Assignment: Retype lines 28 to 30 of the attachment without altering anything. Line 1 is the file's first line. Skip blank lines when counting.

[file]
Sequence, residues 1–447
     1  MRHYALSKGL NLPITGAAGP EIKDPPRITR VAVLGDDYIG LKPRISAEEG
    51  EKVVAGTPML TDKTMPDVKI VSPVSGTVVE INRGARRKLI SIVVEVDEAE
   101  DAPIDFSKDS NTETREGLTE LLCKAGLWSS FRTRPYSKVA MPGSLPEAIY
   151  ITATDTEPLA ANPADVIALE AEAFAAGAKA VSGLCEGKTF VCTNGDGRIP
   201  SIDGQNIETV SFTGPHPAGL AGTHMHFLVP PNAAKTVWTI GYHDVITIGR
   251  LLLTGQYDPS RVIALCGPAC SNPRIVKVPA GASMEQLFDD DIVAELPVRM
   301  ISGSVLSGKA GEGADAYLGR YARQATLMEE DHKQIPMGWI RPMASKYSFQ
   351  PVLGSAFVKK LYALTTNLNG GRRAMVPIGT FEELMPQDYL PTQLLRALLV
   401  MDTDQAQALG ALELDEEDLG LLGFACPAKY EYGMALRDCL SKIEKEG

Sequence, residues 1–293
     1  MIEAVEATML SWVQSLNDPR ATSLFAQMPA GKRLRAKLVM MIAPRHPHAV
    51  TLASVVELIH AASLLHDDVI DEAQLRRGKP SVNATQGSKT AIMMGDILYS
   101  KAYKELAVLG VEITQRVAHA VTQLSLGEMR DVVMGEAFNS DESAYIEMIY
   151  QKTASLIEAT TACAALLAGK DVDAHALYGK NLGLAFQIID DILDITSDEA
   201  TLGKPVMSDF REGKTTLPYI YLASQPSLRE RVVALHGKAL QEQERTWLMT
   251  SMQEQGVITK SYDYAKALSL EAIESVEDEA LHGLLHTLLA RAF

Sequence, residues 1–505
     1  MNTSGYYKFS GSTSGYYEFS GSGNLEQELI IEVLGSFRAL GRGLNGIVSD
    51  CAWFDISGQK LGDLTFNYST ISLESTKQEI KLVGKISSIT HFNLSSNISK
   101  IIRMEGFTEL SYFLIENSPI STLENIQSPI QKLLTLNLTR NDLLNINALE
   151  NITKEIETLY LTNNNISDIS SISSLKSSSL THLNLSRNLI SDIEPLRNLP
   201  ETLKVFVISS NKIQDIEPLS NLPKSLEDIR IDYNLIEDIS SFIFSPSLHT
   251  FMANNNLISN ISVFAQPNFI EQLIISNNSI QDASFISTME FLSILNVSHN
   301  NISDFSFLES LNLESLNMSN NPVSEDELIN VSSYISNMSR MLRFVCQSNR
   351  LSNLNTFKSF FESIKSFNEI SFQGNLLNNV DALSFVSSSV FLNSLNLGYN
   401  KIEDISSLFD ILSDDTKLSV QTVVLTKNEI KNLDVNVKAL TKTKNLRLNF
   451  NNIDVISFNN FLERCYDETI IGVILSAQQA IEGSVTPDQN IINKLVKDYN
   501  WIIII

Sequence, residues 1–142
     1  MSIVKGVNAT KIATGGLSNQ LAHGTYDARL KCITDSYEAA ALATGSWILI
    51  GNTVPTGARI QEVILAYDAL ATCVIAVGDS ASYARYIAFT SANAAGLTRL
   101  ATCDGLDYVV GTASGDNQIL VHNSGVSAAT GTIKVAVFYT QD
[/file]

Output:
   451  NNIDVISFNN FLERCYDETI IGVILSAQQA IEGSVTPDQN IINKLVKDYN
   501  WIIII

Sequence, residues 1–142